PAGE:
5. Put the whites and yolks into two separate bowls and, starting with the yolk, add half of the caster sugar and whisk to thicken.
6. Fold the thickened yolk into the melted chocolate and set aside.
7. Chope the prunes into eighths and add to the chocolate mixture along with the ground almonds (or plain flour if making a nut free version).
8. Beat the egg whites with the remaining caster sugar and the sea salt until soft peaks form.
9. Fold into the chocolate mixture until just incorporated.
10. Pour into the prepared cake tin and bake for 30-35 minutes. The cake will be slightly soft in the middle but do not overtake it or the gooeyness will be lost. (I cooked my 21cm pans for 35 minutes and the gooeyness was barely there so I recommend 30 minutes).
Serve warm or at room temperature.
Straight from the oven, I was drawn to the nut free version as it seemed to be slightly sweeter. Both cakes are very rich and you are a left looking for some sweetness from the prunes to give you a break from the almost bitter richness of the chocolate.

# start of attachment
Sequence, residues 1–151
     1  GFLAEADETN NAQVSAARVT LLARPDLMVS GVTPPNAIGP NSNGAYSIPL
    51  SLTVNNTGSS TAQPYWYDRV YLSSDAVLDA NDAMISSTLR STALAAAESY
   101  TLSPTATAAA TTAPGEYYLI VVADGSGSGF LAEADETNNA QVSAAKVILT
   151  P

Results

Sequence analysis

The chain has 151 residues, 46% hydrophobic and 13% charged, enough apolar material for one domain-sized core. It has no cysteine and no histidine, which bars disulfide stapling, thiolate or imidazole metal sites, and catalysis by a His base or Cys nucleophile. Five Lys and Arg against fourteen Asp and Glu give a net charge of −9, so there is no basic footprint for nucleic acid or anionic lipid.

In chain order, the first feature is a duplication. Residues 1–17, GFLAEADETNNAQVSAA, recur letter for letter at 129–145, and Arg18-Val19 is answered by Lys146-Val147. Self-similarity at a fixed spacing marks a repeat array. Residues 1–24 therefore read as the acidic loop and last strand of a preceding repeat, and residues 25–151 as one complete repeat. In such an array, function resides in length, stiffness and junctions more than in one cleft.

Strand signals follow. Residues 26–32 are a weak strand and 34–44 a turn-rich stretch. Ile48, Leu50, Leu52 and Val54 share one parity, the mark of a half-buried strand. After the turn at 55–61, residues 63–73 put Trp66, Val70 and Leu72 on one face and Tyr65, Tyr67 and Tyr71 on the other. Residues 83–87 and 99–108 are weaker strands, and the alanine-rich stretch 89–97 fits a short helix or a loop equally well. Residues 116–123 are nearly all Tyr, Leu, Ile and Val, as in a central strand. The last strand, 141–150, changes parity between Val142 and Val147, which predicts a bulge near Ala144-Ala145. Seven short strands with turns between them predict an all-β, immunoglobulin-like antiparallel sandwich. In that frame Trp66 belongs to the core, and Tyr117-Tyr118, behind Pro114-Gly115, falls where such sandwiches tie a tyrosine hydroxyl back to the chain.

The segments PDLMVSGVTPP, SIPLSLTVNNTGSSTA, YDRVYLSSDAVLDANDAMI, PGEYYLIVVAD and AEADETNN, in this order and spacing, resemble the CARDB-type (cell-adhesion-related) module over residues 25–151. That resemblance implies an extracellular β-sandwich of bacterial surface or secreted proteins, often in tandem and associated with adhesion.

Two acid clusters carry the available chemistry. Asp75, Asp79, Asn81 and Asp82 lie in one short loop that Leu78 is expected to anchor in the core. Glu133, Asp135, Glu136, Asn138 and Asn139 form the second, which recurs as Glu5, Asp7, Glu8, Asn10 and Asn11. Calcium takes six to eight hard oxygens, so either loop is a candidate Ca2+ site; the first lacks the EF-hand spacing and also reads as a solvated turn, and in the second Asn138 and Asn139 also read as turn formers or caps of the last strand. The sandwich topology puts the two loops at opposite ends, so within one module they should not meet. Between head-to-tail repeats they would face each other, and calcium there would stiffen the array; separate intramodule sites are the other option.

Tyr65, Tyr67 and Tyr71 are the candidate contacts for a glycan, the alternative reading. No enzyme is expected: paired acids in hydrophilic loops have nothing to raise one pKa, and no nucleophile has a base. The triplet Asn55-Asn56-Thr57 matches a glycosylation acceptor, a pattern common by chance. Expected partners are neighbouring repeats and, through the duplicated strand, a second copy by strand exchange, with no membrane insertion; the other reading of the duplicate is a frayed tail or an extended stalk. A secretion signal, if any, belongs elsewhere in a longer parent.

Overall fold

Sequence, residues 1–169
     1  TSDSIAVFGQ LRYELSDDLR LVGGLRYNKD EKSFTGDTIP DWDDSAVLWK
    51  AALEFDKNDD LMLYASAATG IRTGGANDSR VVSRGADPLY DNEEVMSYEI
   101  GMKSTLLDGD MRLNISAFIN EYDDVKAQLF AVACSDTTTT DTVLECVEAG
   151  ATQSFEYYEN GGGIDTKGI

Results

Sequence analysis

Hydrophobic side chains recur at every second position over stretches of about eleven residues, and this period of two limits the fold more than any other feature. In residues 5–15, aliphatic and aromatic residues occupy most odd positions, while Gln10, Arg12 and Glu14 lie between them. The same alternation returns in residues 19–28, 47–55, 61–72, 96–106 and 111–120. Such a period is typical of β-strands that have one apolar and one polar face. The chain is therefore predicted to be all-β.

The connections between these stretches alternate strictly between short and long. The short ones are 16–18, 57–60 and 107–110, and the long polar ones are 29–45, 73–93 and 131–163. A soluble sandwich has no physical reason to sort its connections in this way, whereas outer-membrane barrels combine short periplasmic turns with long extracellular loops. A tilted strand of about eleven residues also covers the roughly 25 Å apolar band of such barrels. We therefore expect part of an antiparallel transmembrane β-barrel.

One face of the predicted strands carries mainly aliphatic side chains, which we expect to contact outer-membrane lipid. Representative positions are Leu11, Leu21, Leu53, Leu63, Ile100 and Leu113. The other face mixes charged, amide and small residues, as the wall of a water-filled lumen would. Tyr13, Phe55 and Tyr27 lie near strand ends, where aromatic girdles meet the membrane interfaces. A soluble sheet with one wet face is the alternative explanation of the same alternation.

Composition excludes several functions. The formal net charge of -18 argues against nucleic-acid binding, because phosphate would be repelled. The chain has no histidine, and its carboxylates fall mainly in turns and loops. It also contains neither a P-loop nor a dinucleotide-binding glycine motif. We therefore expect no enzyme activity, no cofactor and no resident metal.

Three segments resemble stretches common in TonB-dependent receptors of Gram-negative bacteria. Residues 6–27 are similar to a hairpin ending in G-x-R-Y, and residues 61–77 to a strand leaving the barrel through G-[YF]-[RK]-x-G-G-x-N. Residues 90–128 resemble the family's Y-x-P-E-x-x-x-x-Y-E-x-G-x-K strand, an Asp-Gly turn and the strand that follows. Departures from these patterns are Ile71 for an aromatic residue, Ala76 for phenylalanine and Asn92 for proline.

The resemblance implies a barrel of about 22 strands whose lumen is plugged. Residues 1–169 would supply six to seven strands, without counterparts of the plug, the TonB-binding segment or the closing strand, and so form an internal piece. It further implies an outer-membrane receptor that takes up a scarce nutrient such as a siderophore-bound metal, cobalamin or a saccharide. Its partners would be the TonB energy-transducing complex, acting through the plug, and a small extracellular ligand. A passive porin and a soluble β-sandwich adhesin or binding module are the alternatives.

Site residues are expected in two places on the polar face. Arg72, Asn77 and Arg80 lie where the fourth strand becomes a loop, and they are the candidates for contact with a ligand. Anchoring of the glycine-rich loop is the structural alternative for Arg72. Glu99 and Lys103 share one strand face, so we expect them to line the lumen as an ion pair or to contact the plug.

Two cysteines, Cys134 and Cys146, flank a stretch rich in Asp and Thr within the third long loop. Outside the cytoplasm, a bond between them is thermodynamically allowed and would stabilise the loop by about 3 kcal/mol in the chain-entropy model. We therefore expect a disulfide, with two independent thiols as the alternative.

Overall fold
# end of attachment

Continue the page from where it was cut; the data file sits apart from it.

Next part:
The original almond version has more moisture and lushness on the tongue, and you can taste the ingredients individually. The almonds, the prunes and the alcohol hold their own integrity and can be tasted in each mouthful.
The nut free version has a more muddled taste. The texture is more dense and as it hits the mouth, it feels almost sticky. The flavours of the cake come next and they are more mild than the almond version and I think more child friendly. There is more sweetness and less of a hit from the alcohol. It’s as if the strong flavours in the cake have fused together and have taken the edge of each individual ingredient and melded into a very pleasant mouthful that is easier to eat than the almond cake that is more intense and has more of a slap to your face intensity!